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I've used those also IDF&C they work great for the price. I don't know where mine went but I'd like to get another pair. If I'm doing something that's extremely loud I use the old fashioned ear muffs but the seashell effect bothers me so if it's not necessary I use the soft rubber earplugs. When I was a Banbury operator at the rubber refinery and at the train yard I had to wear both. Earplugs under muffs.

Pnut

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Mr. I. Dragon,

Mr. Spock and  I,  ( a.k.a.  the SLAG),  are not ,  I repeat, not related.

I am an Earthling.  (how prosaic),  he is not.

Respectively submitted,

SLAG.

 

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My little wife has hyperacusis.  I swear, she can hear a gnat pass gas...............at 20 feet!!! :o  I'm really not even kidding.  I'm hearing impaired and she's super sensitive to noise.  We can sit in the swing on our back porch and she complains because the squirrel eating corn in the feeder over 50 feet away is annoying her.  Drives me nuts.  Causes a lot of problems between us.

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Mr. Powers,

I stand corrected.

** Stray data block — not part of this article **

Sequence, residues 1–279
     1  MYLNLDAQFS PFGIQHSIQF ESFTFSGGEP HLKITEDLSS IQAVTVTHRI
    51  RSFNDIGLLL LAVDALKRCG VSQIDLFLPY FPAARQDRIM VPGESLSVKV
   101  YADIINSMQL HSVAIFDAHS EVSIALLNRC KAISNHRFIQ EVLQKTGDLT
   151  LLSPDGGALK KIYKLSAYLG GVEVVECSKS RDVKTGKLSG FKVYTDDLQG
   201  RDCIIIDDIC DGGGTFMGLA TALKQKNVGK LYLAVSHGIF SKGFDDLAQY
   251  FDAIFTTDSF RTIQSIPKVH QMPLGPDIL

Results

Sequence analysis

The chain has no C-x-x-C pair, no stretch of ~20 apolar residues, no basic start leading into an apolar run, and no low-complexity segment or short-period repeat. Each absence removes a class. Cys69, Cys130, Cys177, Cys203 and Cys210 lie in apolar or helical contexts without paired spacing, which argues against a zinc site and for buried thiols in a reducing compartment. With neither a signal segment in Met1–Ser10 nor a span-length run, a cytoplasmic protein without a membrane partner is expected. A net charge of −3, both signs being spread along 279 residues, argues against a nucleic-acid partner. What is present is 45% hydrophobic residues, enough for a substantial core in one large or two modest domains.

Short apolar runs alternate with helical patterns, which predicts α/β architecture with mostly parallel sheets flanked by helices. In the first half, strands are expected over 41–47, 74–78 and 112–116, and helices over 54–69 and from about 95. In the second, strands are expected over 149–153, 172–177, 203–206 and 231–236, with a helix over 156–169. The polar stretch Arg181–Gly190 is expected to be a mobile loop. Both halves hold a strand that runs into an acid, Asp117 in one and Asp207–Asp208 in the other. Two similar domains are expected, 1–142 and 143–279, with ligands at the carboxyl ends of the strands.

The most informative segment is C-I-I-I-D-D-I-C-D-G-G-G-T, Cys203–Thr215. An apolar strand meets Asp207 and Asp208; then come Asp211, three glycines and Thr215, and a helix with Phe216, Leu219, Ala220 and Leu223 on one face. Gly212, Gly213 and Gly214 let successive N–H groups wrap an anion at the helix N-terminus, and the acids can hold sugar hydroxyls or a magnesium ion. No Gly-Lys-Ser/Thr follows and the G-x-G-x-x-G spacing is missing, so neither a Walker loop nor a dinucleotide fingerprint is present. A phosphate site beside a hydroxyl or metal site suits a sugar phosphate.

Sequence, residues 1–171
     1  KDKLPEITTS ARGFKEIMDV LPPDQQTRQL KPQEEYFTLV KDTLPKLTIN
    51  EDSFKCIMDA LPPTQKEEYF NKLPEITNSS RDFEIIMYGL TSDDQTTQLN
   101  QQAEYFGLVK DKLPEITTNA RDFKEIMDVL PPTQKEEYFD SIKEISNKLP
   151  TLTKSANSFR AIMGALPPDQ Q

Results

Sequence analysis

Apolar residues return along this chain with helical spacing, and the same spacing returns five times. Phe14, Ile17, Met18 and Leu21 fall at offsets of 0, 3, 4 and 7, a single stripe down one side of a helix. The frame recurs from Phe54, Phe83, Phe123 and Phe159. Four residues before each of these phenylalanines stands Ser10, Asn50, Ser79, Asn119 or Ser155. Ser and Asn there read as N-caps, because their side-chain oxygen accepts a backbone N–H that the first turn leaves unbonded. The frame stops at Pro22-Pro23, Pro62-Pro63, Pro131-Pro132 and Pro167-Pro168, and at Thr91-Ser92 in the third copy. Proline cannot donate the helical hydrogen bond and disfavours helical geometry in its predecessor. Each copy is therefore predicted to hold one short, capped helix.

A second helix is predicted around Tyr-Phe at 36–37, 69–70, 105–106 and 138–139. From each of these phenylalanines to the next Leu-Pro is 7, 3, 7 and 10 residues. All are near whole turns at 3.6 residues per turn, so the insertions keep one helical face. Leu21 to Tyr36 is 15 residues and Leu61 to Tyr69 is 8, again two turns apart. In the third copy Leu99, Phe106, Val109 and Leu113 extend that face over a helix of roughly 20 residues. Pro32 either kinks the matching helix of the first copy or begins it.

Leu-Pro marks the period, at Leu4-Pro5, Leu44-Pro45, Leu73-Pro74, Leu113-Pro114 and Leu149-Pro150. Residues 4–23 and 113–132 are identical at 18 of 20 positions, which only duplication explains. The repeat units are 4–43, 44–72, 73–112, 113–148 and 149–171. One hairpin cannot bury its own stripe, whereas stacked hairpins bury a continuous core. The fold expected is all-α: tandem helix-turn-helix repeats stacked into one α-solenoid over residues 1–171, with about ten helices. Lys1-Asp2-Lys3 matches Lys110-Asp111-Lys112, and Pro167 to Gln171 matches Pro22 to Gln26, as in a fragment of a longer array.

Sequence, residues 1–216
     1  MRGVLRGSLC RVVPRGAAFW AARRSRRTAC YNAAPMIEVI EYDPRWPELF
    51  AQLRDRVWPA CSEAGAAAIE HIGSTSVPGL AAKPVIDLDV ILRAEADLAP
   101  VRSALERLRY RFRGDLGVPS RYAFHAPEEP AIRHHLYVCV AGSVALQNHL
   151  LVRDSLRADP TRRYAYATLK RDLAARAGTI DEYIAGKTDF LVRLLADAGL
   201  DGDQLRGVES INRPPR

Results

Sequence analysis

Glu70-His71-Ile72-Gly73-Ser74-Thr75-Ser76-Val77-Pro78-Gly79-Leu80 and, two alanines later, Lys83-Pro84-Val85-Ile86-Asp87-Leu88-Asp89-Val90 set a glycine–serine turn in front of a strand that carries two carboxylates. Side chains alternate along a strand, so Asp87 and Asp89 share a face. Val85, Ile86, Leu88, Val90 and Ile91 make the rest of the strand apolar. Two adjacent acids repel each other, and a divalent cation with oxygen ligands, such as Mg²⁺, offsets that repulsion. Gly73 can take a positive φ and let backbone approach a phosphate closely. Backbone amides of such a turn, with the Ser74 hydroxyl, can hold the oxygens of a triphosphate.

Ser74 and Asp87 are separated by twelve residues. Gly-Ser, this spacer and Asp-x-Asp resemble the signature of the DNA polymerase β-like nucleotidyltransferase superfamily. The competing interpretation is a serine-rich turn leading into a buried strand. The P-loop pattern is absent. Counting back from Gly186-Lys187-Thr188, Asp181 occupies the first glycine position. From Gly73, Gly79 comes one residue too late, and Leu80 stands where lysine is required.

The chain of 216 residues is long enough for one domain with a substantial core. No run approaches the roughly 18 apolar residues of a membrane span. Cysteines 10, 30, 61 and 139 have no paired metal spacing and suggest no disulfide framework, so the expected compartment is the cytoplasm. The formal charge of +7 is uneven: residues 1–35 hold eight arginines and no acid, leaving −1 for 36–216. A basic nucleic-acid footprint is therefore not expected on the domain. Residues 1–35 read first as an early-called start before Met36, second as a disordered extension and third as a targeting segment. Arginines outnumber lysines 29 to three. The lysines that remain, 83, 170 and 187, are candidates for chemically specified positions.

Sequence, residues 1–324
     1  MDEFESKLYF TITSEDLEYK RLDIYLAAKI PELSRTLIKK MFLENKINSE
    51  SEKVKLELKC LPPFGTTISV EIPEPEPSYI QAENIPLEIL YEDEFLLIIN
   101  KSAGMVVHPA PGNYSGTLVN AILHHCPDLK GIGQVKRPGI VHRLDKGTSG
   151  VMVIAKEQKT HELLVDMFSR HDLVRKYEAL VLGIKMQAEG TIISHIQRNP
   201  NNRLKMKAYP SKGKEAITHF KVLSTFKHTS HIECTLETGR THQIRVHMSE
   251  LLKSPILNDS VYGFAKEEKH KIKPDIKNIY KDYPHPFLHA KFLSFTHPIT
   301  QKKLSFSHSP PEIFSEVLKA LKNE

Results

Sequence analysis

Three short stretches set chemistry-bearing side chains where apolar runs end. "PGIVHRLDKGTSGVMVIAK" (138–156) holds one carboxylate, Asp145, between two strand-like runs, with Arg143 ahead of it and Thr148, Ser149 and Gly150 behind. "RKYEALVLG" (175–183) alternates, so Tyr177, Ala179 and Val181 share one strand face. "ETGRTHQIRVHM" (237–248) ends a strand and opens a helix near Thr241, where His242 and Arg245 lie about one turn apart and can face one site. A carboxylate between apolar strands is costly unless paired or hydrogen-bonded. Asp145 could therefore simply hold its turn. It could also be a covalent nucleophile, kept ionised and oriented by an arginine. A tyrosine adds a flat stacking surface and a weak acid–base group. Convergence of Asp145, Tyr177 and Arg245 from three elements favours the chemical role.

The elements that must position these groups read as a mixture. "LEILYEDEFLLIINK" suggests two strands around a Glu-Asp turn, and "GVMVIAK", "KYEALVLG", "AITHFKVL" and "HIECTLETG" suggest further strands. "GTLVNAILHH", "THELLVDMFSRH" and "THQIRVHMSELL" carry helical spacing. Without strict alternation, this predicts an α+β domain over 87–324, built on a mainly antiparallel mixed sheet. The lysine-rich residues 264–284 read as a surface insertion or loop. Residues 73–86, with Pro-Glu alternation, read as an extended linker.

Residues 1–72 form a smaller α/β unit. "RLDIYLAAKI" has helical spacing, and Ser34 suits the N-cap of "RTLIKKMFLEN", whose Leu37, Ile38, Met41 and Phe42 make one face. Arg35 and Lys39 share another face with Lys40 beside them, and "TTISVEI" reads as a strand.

But we are still not related.

Regards,

SLAG.

 

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On 1/30/2020 at 11:02 PM, SLAG said:

Marc1,

I have found that cotton wool alone does not cancel much noise. But in a pinch impregnating the cotton wool with ordinary wax works fine.

Wax impregnated cotton wool would work a treat of course. I had to resort to improvisation when required to shoot in a pinch, in circumstances that will remain untold, and used to make a plug with masticated paper. Worked rather well. 

I don't think the OP is interested in such last resort measure though. His proposed musician ACN plugs look the part. 

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I can't post a link because I'll be beheaded shortly after the firing squad.  I have some of the most comfortable wax impregnated cotton ear plugs I've ever worn.  Bought them because sometimes in RV campgrounds people don't honor the quiet time rules and get a bit rowdy.  I've a lot of different noise activated plugs I've used for shooting scenarios, but they wouldn't be comfortable to sleep in.  These wax plugs are so comfortable you don't even know you have them in and they work great.  They are made by a company called Beneficial Products, Inc.  (hope I don't get shot over that!)

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7 hours ago, Marc1 said:

had to resort to improvisation

My Chief, (rest his soul) would take 38 special ammo and use them for ear plugs in a pinch. He learned that as a rookie in Freemont CA back in the revolver days, when he & several officers became engaged in a long gun battle with multiple suspects.

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Yes that works too. 7.62 pistol ammo fits my ear duct perfectly ha ha.